Feature Extraction and Image Processing – Mark S. Nixon, Alberto S. Aguado – 1st Edition


Focusing on feature extraction while also covering issues and techniques such as image acquisition, sampling theory, point operations and low-level feature extraction, the authors have a clear and coherent approach that will appeal to a wide range of students and professionals.

*Ideal module text for courses in artificial intelligence, image processing and computer vision
*Essential reading for engineers and academics working in this cutting-edge field
*Supported by free software on a companion website

We will no doubt be asked many times: why on earth write a new book on computer vision? Fair question: there are already many good books on computer vision already out in the bookshops, as you will find referenced later, so why add to them? Part of the answer is that any textbook is a snapshot of material that exists prior to it. Computer vision, the art of processing images stored within a computer, has seen a considerable amount of research by highly qualified people and the volume of research would appear to have increased in recent years. That means a lot of new techniques have been developed, and many of the more recent approaches have yet to migrate to textbooks. But it is not just the new research: part of the speedy advance in computer vision technique has left some areas covered only in scant detail. By the nature of research, one cannot publish material on technique that is seen more to fill historical gaps, rather than to advance knowledge. This is again where a new text can contribute.

Finally, the technology itself continues to advance. This means that there is new hardware, new programming languages and new programming environments. In particular for computer vision, the advance of technology means that computing power and memory are now relatively cheap. It is certainly considerably cheaper than when computer vision was starting as a research field. One of the authors here notes that the laptop that his portion of the book was written on has more memory, is faster, has bigger disk space and better graphics than the computer that served the entire university of his student days.

And he is not that old! One of the more advantageous recent changes brought by progress has been the development of mathematical programming systems. These allow us to concentrate on mathematical technique itself, rather than on implementation detail. There are several sophisticated flavours of which Mathcad and Matlab, the chosen vehicles here, are amongst the most popular. We have been using these techniques in research and in teaching and we would argue that they have been of considerable benefit there. In research, they help us to develop technique faster and to evaluate its final implementation. For teaching, the power of a modern laptop and a mathematical system combine to show students, in lectures and in study, not only how techniques are implemented, but also how and why they work with an explicit relation to conventional teaching material.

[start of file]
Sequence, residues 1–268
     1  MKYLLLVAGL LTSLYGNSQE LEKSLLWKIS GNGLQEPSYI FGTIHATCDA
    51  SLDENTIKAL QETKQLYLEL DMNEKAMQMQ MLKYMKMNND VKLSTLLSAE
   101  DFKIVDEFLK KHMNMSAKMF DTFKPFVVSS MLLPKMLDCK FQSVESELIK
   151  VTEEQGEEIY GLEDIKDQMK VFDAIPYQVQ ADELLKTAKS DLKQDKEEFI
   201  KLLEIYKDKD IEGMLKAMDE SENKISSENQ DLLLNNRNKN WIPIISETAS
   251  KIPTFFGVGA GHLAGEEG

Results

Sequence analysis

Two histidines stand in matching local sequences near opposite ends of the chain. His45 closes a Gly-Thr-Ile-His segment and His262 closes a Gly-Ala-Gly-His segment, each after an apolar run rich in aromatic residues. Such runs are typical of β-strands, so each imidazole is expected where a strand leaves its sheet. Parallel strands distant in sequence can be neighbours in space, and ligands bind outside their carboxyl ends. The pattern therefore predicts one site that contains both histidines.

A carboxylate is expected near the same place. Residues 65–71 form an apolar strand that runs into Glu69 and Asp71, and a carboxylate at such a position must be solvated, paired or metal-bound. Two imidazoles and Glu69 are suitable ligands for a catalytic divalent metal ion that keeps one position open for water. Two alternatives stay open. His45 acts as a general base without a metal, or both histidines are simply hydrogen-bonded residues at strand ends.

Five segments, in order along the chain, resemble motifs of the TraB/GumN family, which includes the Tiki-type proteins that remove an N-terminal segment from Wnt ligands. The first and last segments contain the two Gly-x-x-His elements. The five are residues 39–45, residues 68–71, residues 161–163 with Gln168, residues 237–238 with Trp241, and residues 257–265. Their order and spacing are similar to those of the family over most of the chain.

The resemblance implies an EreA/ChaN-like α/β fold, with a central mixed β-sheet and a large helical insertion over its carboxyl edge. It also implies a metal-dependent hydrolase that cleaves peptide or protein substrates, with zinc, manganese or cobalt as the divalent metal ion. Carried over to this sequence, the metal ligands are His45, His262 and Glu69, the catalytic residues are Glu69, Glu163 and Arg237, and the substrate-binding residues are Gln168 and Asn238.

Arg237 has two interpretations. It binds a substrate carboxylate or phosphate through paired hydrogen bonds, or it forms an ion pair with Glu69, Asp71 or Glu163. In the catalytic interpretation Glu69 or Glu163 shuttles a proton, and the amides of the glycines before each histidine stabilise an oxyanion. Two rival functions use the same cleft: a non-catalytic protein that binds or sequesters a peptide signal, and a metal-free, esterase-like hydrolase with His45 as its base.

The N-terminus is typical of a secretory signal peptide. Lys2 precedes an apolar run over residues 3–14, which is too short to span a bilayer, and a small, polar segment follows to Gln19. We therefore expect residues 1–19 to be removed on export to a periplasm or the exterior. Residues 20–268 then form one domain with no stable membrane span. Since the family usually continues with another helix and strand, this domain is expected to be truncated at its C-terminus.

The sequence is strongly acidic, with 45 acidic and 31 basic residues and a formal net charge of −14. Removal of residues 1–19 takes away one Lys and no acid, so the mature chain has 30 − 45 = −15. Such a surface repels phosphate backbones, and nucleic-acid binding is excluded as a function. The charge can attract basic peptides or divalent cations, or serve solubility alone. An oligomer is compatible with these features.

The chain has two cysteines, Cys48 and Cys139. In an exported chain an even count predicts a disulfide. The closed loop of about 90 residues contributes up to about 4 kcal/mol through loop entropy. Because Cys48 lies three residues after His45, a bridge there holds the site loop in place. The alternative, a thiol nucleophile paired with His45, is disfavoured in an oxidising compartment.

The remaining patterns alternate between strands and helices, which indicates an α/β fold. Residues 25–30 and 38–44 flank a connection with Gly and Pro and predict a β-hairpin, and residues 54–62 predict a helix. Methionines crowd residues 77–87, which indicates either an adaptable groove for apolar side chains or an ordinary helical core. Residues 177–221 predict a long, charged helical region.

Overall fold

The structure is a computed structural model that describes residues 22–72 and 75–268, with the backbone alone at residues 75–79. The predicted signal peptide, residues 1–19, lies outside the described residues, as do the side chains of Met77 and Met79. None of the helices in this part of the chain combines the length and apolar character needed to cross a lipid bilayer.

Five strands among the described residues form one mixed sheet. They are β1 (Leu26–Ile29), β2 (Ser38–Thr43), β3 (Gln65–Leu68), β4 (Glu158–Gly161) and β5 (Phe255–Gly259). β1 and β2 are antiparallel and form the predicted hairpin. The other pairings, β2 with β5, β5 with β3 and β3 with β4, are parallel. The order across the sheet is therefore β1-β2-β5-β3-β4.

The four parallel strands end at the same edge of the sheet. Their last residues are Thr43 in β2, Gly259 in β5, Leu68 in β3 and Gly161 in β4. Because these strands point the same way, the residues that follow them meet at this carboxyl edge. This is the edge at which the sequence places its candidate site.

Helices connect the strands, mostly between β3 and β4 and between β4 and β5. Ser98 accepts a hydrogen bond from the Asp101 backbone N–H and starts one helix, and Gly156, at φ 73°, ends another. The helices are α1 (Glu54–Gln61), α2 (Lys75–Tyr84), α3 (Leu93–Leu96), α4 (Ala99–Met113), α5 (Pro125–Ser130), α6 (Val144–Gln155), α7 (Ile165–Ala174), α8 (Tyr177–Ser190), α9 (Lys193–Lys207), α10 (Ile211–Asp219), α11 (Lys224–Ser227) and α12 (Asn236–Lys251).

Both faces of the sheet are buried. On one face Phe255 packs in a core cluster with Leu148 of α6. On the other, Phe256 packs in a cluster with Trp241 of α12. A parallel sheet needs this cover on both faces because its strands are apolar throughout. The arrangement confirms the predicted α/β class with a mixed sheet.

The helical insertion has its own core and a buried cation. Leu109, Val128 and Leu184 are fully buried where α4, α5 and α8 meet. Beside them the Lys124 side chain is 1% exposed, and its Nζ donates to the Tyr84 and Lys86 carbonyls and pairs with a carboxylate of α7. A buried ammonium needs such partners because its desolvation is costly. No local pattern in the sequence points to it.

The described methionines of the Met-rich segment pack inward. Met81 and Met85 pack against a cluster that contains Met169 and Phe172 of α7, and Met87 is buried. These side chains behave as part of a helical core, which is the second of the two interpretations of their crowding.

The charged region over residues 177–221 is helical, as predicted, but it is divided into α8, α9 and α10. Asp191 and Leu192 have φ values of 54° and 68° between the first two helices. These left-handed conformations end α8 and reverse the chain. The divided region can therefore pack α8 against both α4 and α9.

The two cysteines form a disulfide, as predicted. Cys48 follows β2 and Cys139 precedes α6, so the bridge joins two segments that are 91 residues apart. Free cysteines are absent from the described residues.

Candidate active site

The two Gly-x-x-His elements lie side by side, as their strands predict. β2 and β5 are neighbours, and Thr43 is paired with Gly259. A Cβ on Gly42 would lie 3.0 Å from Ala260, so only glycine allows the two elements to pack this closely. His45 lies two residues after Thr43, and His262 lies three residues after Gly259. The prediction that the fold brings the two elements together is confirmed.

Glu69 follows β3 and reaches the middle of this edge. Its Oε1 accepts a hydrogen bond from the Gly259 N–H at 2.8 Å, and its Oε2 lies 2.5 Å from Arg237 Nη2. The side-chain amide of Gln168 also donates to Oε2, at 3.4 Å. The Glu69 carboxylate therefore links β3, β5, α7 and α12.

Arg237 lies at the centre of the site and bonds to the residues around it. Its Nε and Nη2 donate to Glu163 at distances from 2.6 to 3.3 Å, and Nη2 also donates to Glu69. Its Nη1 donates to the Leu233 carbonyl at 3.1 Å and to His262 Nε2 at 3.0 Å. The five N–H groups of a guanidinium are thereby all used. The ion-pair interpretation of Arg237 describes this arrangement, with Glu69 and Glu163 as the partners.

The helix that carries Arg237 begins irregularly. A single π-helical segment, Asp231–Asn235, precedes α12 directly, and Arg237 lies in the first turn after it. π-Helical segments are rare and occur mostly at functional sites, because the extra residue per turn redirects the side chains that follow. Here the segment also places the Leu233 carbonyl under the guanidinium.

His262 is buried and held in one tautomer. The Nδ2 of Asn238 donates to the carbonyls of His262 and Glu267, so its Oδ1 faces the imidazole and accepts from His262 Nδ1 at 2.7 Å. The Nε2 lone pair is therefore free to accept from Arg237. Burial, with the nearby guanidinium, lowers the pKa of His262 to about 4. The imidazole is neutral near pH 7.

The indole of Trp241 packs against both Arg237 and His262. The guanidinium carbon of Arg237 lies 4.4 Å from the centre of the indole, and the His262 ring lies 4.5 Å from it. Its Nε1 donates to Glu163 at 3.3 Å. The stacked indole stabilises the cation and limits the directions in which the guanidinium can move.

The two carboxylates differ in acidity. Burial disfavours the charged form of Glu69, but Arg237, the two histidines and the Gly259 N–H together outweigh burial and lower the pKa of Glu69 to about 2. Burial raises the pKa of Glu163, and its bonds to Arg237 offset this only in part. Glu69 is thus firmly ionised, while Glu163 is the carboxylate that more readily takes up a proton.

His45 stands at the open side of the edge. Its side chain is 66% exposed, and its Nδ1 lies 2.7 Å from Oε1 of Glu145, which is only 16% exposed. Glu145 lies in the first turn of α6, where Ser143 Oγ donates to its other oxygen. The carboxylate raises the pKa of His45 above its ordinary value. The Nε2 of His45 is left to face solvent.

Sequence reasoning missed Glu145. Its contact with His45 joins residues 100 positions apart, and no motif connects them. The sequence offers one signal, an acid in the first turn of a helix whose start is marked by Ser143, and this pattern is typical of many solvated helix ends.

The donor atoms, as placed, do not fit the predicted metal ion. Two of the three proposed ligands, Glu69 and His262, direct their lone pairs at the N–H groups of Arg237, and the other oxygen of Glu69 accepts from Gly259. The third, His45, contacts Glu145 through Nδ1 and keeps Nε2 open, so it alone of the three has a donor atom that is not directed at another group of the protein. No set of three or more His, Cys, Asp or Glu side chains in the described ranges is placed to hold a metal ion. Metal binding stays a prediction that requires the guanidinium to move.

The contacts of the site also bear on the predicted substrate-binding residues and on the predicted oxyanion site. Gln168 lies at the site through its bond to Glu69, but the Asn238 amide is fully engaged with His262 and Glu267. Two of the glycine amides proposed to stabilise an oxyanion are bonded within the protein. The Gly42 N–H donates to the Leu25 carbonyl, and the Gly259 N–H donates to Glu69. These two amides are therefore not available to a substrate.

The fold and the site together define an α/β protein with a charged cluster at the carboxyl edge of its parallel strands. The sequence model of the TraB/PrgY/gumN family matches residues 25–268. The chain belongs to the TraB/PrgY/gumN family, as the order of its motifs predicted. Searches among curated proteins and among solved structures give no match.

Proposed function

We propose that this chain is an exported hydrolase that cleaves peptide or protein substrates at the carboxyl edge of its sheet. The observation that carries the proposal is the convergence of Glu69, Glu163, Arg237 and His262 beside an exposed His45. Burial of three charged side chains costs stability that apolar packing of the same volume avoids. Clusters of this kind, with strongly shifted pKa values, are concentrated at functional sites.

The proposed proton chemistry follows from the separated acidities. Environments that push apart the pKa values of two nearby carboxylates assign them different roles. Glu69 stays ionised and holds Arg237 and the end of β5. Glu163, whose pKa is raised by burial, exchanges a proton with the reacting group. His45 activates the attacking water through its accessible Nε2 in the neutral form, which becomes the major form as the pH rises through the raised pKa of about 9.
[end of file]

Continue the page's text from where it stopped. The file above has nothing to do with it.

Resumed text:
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  • Preface
    Why did we write this book?
    The book and its support
    In gratitude
    Final message

    1 Introduction
    1.1 Overview
    1.2 Human and computer vision
    1.3 The human vision system
    1.4 Computer vision systems
    1.5 Mathematical systems
    1.6 Associated literature
    1.7 References

    2 Images, sampling and frequency domain processing
    2.1 Overview
    2.2 Image formation
    2.3 The Fourier transform
    2.4 The sampling criterion
    2.5 The discrete Fourier transform ( DFT)
    2.6 Other properties of the Fourier transform
    2.7 Transforms other than Fourier
    2.8 Applications using frequency domain properties
    2.9 Further reading
    2.10 References

    3 Basic image processing operations
    3.1 Overview
    3.2 Histograms
    3.3 Point operators
    3.4 Group operations
    3.5 Other statistical operators
    3.6 Further reading
    3.7 References

    4 Low- level feature extraction ( including edge detection)
    4.1 Overview
    4.2 First-order edge detection operators
    4.3 Second- order edge detection operators
    4.4 Other edge detection operators
    4.5 Comparison of edge detection operators
    4.6 Detecting image curvature
    4.7 Describing image motion
    4.8 Further reading
    4.9 References

    5 Feature extraction by shape matching
    5.1 Overview
    5.2 Thresholding and subtraction
    5.3 Template matching
    5.4 Hough transform (HT)
    5.5 Generalised Hough transform (GHT)
    5.6 Other extensions to the HT
    5.7 Further reading
    5.8 References

    6 Flexible shape extraction ( snakes and other techniques)
    6.1 Overview
    6.2 Deformable templates
    6.3 Active contours (snakes)
    6.4 Discrete symmetry operator
    6.5 Flexible shape models
    6.6 Further reading
    6.7 References

    7 Object description
    7.1 Overview
    7.2 Boundary descriptions
    7.3 Region descriptors
    7.4 Further reading
    7.5 References

    8 Introduction to texture description, segmentation and classification
    8.1 Overview
    8.2 What is texture?
    8.3 Texture description
    8.4 Classification
    8.5 Segmentation
    8.6 Further reading
    8.7 References

    9.1 Appendix 1: Homogeneous co-ordinate system
    9.2 Appendix 2: Least squares analysis
    9.3 Appendix 3: Example Mathcad worksheet for Chapter 3
    9.4 Appendix 4: Abbreviated Matlab worksheet

  • Citation

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